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Headington Hill & Road: North & South House


Victoria Villas

The present North and South House on the private road at the top of the north side of Headington Hill were originally a pair of houses called Victoria Villas, and for nearly 70 years they were used as a Training School for Servants.

Directories show the following occupants of Victoria Villas:

  • 1866: Mrs Haynes at No. 1, and Mrs Davies at No. 2 Victoria Villas
  • 1867: John Rivington at No. 1, and Mrs Davies at No. 2 Victoria Villas
  • 1869: “Mr Saunders” living at “Victoria-villas”. The 1871 census shows the son of the house, John Sanders (24), an unmarried bank clerk, living here with his two sisters.

On 13 July 1872 an advertisement appeared in Jackson’s Oxford Journal offering the pair of villas for auction at the Golden Cross on 31 July 1872. It promised further details the following week, but in the event these details were not supplied in the advertisement that appeared in the next two weeks, but instead people were advised to consult the solicitors or auctioneers, as shown below in the advertisement of 20 July 1872.

JOJ 20 July 1872

It appears that no buyer emerged at the auction, as the following notice appeared in Jackson’s Oxford Journal for 10 August 1872:

Victoria Villas, Headington Hill
Mr John Fisher begs to announce that this Property not having been sold at the Auction, he his [sic] open to treat for the same by private contract.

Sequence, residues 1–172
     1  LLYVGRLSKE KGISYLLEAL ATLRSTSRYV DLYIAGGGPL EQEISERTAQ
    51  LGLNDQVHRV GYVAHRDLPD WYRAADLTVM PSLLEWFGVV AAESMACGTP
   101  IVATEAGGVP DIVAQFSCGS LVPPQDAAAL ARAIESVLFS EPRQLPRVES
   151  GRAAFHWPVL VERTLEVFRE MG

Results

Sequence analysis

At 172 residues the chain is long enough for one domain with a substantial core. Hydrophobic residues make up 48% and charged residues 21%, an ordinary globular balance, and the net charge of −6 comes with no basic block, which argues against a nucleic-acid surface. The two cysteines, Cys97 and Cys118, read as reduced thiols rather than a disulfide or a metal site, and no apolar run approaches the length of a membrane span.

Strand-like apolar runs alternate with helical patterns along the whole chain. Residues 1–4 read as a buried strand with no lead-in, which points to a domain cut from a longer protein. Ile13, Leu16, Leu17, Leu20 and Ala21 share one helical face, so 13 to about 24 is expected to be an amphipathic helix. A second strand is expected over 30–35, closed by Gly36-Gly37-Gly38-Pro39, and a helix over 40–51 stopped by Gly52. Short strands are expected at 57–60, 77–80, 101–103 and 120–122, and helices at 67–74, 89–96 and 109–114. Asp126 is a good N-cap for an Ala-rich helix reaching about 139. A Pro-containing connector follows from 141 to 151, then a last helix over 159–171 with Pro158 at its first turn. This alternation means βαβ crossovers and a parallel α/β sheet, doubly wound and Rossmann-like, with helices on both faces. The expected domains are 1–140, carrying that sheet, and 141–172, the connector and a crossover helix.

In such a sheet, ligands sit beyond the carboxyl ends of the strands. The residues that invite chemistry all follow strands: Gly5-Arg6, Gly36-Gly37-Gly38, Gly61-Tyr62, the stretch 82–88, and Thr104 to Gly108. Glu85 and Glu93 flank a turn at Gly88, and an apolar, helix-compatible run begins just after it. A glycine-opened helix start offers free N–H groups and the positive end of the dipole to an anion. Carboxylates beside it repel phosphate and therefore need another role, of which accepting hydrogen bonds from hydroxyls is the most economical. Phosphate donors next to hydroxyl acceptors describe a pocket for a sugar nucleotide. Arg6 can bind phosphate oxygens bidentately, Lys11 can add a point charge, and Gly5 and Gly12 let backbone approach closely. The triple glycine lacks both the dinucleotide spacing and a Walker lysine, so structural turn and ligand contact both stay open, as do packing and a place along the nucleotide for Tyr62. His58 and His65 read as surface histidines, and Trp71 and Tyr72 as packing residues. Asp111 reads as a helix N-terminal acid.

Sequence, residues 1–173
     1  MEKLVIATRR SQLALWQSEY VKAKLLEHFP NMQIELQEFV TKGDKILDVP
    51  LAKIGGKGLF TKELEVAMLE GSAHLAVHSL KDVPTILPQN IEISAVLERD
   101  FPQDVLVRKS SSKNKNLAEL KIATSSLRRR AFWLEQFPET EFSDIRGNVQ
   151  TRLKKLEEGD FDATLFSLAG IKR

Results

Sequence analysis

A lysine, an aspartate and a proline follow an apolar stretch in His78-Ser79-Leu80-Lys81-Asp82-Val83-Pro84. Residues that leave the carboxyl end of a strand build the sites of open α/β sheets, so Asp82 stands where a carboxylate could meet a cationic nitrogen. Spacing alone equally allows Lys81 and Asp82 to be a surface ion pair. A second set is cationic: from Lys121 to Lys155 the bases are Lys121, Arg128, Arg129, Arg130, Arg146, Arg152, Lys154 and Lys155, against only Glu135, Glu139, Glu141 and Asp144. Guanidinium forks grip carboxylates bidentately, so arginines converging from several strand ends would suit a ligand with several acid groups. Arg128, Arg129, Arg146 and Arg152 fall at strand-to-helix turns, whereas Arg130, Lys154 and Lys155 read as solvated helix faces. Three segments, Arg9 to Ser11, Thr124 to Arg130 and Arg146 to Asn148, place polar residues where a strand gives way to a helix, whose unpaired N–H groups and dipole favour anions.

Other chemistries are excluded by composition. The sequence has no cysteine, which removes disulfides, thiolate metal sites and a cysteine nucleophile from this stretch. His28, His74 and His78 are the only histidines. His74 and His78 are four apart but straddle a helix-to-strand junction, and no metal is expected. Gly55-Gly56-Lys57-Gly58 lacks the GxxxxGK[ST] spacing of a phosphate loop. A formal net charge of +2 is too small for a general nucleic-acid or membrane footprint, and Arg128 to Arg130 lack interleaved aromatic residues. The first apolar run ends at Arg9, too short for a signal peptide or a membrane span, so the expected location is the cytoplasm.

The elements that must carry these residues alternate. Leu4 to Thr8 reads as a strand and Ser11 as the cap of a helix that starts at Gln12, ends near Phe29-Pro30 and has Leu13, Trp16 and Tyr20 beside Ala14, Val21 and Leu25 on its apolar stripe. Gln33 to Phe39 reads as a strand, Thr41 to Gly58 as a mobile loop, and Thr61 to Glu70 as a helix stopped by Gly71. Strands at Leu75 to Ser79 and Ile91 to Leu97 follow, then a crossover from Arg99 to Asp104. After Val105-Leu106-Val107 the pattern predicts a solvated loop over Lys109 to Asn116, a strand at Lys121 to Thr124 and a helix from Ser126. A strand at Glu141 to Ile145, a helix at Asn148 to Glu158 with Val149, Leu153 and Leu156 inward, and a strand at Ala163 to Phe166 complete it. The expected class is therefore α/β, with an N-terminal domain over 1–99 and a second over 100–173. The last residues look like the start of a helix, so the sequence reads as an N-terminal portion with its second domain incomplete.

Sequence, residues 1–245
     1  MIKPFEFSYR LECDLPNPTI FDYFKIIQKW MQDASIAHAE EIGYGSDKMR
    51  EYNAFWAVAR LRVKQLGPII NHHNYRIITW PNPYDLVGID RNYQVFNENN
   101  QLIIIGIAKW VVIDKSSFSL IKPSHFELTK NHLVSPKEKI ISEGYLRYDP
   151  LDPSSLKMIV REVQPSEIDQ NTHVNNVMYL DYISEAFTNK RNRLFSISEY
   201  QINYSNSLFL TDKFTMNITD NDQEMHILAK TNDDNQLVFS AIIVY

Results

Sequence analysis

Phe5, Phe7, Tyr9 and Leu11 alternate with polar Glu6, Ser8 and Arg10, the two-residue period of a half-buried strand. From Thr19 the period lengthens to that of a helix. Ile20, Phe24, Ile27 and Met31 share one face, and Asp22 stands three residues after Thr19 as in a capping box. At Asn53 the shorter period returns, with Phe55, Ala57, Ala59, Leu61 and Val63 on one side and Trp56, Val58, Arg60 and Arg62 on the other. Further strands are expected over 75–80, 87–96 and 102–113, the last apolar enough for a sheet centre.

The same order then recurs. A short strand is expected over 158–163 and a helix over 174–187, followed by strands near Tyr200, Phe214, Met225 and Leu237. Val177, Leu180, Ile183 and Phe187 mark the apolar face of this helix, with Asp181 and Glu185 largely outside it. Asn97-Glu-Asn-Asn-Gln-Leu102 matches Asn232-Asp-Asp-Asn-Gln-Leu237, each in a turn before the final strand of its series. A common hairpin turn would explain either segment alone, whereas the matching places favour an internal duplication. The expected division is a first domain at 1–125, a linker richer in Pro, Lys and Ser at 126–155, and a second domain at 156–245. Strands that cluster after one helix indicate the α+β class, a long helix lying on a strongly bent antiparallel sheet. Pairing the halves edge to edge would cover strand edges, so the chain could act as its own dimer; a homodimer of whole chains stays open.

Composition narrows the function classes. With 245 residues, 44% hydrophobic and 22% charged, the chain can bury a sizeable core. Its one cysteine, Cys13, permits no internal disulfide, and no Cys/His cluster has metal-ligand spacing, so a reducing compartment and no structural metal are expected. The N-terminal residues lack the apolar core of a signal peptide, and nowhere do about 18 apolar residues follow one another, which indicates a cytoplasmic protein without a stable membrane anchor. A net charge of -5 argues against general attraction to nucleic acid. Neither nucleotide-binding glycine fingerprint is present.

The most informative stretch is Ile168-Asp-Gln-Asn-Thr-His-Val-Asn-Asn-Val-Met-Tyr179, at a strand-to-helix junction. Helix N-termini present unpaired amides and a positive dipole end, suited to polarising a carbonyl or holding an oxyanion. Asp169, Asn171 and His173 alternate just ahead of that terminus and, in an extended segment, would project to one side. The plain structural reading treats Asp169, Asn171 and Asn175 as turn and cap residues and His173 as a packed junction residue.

8, High-street, Oxford, 9th August, 1872

In a directory for 1875, Stephen Bendall is listed as living at “Victoria Villa”.

The laundry on Gipsy Lane

When James Morrell built Headington Hill Hall, in the 1850s, a laundry building for the Hall was built on the other side of the Headington Road. It was reached by a footpath on the west side of Gipsy Lane, at the southernmost point of the present Oxford Brookes University. It is shown on the 1876 OS map of Headington (below), and the land to the west of it (marked with the red arrow) is labelled “Drying Gd”. North and South House (coloured red) are clearly marked as “Victoria Villas”.

Map of south side of Headington Road in 1876

At the time of the 1861 census the road contractor William Bradwell and his family are listed as living in Gipsy Lane. His wife Mrs Hannah Bradwell (37) is described as a laundress, and as three laundress servants (aged 14, 19, and 20) are also living in the household, it is fairly certain they lived at the laundry building itself.

James Morrell died in 1863 and his wife Alicia in 1863, leaving their daughter Emily a ten-year-old orphan. The Hall was let to a blind landowner from Shropshire, Richard Corbet, who greatly reduced the number of live-in servants. Laundry Cottage was occupied as follows in the censuses:

  • 1871: there was just one laundress, Mrs Jane Hutchinson (36), living at the laundry with her husband Luke (50), who was a grainer, and their young children. Their eldest children had been born in Michigan and Nova Scotia, but the youngest were born in Headington, indicating that Mrs Hutchinson had been appointed as the Headington Hill Hall laundress in 1869.
  • 1891: the laundress Mrs Emma Harman, a widow of 50, lived here with her daughter Rose (21) and her niece Annie Chandler (14), who were also laundresses.
  • 1901 the laundress Mrs Margaret Brown (46) lived in Laundry Cottage with her husband Thomas (56) who was a waiter, and their niece Louisa Watkins, who is described as a domestic servant.